Thanks for stopping by and for all the kind words. I really do appreciate it.
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This page was last modified on September 3, 2009.
"You talk about the magic, the aura, but what really makes a stadium is the fans. Concrete doesn't talk back to you. Chairs don't talk back to you. It's the people who are there, day in, day out, that makes the place magic."
– Bernie Williams
Explore the Site
Here are 50 images chosen randomly from the 3046 found on this site. Click the image to be taken to the original post. A new list is created every 10 minutes.
The main ticketing area beneath the restaurant.
Original outfield configuration
Clyde Doepner's Met Stadium Memorabilia (Source: LP)
The Fifth Street side is pretty busy. There's a small street entrance to the B ramp, then ticket booths and an entrance gate, a rare exterior section not covered in limestone, the wooden screen covering the circulation ramps, the administration building, and finally (just out of view) the interface with Northstar. All of that sits behind the LRT action. How pedestrians will interact with this side of the park is a great mystery to me. You know that Metro Transit won't be letting them cross the tracks anywhere but at either end of the block...
Also warming things up are these planters.
Secret entrance exposed!
The storage tunnel is barely visible at left behind that guy.
Gate 6 Oliva, with the 573 Club looming large over it (I wonder how Tony feels about that)
Shh. Don't tell those people working behind the ticket windows about these automated ticketing machines (underneath the plaza stairs)
Louver samples on display.
Click to enlarge greatly.
Ticket window at Gate 29/Carew
These are the footings for the staircase which will connect the plaza to the skyway.
Red is old Yankee Stadium. This diagram comes from FieldOfSchemes.com
There are some great banners on fencing down Target Way. I'm not sure just who sees them.
Those two empty seats in the front row are where we started the game.
This is the staircase (ramp?) leading up to the trapezoid. Nice flagpole too. You'll be able to find me and Ben McEvers at the base of that flagpole on opening day in 2010!
A spot that's always full!
Discussions in progress on some very brown grass...
The splendid view from the roof of the Minikahda building. (Click to enlarge greatly.)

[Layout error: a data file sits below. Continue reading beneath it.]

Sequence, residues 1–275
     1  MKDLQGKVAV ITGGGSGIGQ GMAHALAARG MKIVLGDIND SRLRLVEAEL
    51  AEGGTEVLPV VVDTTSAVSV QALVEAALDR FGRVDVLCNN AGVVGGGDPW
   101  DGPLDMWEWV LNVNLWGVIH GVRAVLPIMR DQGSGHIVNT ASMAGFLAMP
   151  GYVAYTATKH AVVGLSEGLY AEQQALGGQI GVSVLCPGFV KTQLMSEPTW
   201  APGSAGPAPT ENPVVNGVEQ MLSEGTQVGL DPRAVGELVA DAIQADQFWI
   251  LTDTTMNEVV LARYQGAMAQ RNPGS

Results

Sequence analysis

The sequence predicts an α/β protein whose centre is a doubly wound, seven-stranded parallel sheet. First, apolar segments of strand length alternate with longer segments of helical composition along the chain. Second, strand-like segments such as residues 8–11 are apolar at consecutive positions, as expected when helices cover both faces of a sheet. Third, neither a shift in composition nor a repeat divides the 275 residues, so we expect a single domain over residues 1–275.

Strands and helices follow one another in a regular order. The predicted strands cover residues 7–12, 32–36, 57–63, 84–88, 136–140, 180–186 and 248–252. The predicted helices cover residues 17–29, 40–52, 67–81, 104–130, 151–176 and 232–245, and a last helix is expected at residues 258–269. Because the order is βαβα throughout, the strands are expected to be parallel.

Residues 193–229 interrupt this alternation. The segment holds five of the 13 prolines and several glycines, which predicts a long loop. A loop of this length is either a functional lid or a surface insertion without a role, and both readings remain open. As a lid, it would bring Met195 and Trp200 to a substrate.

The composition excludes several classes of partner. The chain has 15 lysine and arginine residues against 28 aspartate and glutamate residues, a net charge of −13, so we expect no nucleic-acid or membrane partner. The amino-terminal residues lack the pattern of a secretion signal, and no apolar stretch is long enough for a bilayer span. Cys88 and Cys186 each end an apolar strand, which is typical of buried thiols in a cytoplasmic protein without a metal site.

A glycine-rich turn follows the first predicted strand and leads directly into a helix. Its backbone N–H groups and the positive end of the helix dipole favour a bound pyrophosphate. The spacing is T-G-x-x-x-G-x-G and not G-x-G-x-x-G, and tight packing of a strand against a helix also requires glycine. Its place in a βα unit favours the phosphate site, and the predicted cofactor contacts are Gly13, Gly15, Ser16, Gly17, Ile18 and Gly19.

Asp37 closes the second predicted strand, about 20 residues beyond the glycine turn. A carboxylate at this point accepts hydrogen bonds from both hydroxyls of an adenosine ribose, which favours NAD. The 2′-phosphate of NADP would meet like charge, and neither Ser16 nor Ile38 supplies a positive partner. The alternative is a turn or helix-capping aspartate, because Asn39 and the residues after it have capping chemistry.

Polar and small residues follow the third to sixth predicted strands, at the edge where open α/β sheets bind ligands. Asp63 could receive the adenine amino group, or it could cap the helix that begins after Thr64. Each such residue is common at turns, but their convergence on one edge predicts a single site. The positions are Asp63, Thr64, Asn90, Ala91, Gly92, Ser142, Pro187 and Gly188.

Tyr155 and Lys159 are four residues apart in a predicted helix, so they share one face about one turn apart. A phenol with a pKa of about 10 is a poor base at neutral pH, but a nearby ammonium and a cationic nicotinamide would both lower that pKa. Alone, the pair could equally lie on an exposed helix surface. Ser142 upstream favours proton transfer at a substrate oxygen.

Bag checking at Ball Park Lanes was incredibly simple, as was the pick up later. The line was short and fast-moving.
Now from the inside looking at the same area.
A look at Gate 34.
Ballark Authority members listen to the LEED introduction
This would be easy to miss, but I found it on a cart located directly behind the Batter's Eye seating on the upper concourse in center field.
Through the windows of the Metropolitan Club you can see one of the displays of Met Stadium memorabilia.
Here's a first view of the surprisingly spacious walkway on Fifth between the ballpark and the LRT platform.
The flowers don't have quite the fullness depicted in the original sketches (where they were positively overflowing), but they are quite lovely -- a great, subtle touch. And that's probably a very challenging place to grow anything.
Back of scoreboard; facade in context.
BPM - Ballpark Magic
BRT - Bus Rapid Transit
DSP - Dave St. Peter
FSE - Full Season Equivalent
FYS - Fake Yankee Stadium (see also: NYS)
HERC - Hennepin Energy Resource Company (aka the Garbage Burner)
HPB - Home Plate Box
HRP - Home Run Porch
LC - Legends Club
LRT - Light Rail Transit
MBA - Minnesota Ballpark Authority (will own Target Field)
MOA - Mall of America
MSFC - Minnesota Sports Facilities Commission (owns the Metrodome)
NYS - New Yankee Stadium
SRO - Standing Room Only
STH - Season Ticket Holder
TCFBS - TCF Bank Stadium
TF - Target Field
Selected Bibliography - Analysis
First Edition (1992)
Second Edition (2006)
Selected Bibliography - Surveys
Second Edition (1987)
Not a "Third Edition" exactly,
but it replaced the above title
(2000, large coffee table)
Original edition (2000, round)
Revised edition (2006, round)
(2001, medium coffee table)
(2002, small coffee table)
(2003, medium coffee table)
(2004, very large coffee table)
(2006, very large coffee table)
Combines the previous two titles
(2007, medium coffee table)
Selected Bibliography - Nostalgia
Book and six ballpark miniatures